CDC Info on COVID-19 (Corona virus)

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Re: CDC Info on COVID-19 (Corona virus)

Postby David » Sat Nov 21, 2020 3:40 pm

Soul wrote:204,000 cases yesterday according to worldometer.

On Election Day we were at 95,000.

My mindset heading into Election Day was that 100,000 cases / day would be nightmarish enough that a significant number of people wouldn’t vote. But it didn’t happen, I don’t think, given that Trump got 70M+ votes and the lion’s share on Election Day.

Now 200k / day and yeah, I see a decrease in activity in my area but interestingly not anywhere near what I saw in Spring. We were in the neighborhood of 30k cases / day in Spring and it looked like a post apocalyptic movie.

Just some observations. We’re basically living out the 1918 flu pandemic cycle. I’ll bet that huge second spike they had was also partially due to fatigue with restrictions, along with winter temperatures setting in. So 100 years go by and it happens again, in spite of so many advancements in technology and communication.


well, i mean, the path of the narrative might be similar but the death toll of that one was considerably higher with a considerably smaller population
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Re: CDC Info on COVID-19 (Corona virus)

Postby CyHawk_Cub » Sat Nov 21, 2020 3:49 pm

"advancements in technology and communication" is also a knife that cuts both ways: vectors of disinformation have contributed to the numbers.
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Re: CDC Info on COVID-19 (Corona virus)

Postby David » Sat Nov 21, 2020 4:06 pm

CyHawk_Cub wrote:"advancements in technology and communication" is also a knife that cuts both ways: vectors of disinformation have contributed to the numbers.


absolutely, but on the other hand, by the same token, there have been plenty of mitigations made possible by that level of communication and there are plenty of people who have shifted to working from home (and otherwise handling certain services/interactions remotely) and will stay that way for the foreseeable future. i'd say the good there outweighs the bad...probably?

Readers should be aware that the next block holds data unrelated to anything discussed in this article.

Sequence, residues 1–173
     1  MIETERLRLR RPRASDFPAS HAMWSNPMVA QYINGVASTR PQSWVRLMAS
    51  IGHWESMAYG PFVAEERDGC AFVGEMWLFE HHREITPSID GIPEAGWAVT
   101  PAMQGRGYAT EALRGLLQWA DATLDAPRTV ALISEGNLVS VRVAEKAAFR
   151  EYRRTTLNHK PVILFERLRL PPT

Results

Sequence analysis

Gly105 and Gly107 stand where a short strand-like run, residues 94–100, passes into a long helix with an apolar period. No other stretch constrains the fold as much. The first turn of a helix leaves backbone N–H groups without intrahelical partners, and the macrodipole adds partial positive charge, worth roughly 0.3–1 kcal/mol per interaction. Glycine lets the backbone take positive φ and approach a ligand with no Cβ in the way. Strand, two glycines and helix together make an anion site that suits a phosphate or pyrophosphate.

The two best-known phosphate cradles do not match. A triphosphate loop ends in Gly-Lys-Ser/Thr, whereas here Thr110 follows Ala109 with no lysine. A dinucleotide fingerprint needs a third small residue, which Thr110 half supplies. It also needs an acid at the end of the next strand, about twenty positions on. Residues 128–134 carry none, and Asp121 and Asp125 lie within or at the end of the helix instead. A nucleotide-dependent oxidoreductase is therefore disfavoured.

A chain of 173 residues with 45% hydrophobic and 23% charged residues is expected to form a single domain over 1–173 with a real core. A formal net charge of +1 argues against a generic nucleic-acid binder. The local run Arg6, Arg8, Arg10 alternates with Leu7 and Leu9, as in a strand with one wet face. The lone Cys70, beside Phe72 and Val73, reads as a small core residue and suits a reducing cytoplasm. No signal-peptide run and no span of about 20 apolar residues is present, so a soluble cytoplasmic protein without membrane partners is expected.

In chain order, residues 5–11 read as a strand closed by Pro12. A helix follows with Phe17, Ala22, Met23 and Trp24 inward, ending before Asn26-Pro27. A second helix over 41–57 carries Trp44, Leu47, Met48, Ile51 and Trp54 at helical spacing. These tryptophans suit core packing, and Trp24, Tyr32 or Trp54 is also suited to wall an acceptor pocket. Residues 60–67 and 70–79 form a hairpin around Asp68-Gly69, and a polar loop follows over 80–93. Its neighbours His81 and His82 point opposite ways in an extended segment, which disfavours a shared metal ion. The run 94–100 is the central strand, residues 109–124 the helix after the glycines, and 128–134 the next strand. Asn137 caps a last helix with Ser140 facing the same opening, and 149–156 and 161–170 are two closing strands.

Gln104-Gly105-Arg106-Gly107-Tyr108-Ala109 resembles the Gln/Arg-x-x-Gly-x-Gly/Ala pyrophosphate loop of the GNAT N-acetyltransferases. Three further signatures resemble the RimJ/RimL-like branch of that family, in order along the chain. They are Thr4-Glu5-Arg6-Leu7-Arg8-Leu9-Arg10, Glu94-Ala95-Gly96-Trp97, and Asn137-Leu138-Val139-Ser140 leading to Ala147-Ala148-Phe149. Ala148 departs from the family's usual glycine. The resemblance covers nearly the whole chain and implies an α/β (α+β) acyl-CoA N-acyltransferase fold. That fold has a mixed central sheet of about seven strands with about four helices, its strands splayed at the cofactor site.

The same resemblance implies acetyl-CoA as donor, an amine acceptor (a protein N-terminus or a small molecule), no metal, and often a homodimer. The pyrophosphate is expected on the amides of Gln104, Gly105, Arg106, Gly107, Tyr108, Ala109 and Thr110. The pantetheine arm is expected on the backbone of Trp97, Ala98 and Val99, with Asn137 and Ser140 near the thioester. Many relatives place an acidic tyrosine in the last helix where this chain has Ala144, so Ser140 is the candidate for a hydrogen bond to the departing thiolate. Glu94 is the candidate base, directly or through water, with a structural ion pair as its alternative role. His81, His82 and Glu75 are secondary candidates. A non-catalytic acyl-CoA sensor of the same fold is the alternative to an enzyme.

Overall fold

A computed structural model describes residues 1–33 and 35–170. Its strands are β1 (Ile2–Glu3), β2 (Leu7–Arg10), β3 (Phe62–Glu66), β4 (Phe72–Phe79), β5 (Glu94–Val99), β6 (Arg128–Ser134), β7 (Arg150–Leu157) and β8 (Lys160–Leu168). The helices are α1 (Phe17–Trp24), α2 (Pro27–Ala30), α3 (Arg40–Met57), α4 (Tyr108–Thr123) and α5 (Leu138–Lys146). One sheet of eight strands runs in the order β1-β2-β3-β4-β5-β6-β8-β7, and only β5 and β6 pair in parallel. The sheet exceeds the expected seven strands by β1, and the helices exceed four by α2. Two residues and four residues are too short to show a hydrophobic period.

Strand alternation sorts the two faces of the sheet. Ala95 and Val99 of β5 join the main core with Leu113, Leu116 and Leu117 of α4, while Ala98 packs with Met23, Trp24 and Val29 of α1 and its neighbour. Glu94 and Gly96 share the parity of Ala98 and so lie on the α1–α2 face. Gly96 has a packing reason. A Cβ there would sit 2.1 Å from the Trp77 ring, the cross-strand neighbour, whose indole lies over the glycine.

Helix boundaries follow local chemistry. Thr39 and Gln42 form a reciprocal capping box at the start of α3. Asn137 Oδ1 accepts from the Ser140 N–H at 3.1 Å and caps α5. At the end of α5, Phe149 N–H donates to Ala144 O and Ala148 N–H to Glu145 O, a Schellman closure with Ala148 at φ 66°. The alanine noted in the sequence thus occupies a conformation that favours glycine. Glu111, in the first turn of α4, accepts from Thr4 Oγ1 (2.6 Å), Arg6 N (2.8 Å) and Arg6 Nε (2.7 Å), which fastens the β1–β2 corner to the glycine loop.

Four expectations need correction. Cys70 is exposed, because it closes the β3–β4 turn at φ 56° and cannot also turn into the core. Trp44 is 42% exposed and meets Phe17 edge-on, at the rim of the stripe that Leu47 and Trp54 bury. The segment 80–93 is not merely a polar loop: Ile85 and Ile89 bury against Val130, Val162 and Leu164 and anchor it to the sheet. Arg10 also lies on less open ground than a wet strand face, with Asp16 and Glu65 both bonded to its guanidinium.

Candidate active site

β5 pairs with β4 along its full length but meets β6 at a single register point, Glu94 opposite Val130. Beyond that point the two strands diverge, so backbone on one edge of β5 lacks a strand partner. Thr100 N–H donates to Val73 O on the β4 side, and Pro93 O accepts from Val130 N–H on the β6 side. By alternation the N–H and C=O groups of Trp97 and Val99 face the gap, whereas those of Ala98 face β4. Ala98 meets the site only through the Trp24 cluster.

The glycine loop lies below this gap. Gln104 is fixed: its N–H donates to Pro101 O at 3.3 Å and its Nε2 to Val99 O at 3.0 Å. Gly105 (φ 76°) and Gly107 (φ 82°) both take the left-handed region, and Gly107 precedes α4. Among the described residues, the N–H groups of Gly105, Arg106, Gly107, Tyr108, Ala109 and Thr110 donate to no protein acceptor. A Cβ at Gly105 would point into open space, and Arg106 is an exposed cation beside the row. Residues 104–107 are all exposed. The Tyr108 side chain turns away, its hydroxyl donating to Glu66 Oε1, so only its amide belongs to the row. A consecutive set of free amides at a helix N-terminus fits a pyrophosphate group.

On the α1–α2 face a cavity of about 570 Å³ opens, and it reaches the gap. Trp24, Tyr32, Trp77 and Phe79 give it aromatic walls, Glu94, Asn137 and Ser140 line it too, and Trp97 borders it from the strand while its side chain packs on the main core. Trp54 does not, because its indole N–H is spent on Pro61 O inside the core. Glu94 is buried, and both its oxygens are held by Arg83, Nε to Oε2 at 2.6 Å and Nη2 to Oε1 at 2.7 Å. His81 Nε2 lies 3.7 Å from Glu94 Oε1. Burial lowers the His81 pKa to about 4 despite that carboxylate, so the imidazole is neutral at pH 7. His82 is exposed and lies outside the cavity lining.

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Re: CDC Info on COVID-19 (Corona virus)

Postby CyHawk_Cub » Sat Nov 21, 2020 5:01 pm

Sure. But progress isn't linear, there's bad with the good is all I'm saying. Wondering aloud why modern communication, especially, hasn't solved for low information ignores the existence of the Murdoch media empire as well as the conservative fever swamp (<--yeah same thing; they really shouldn't be differentiated).
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Re: CDC Info on COVID-19 (Corona virus)

Postby UMFan83 » Sat Nov 21, 2020 5:05 pm

David wrote:
Soul wrote:204,000 cases yesterday according to worldometer.

On Election Day we were at 95,000.

My mindset heading into Election Day was that 100,000 cases / day would be nightmarish enough that a significant number of people wouldn’t vote. But it didn’t happen, I don’t think, given that Trump got 70M+ votes and the lion’s share on Election Day.

Now 200k / day and yeah, I see a decrease in activity in my area but interestingly not anywhere near what I saw in Spring. We were in the neighborhood of 30k cases / day in Spring and it looked like a post apocalyptic movie.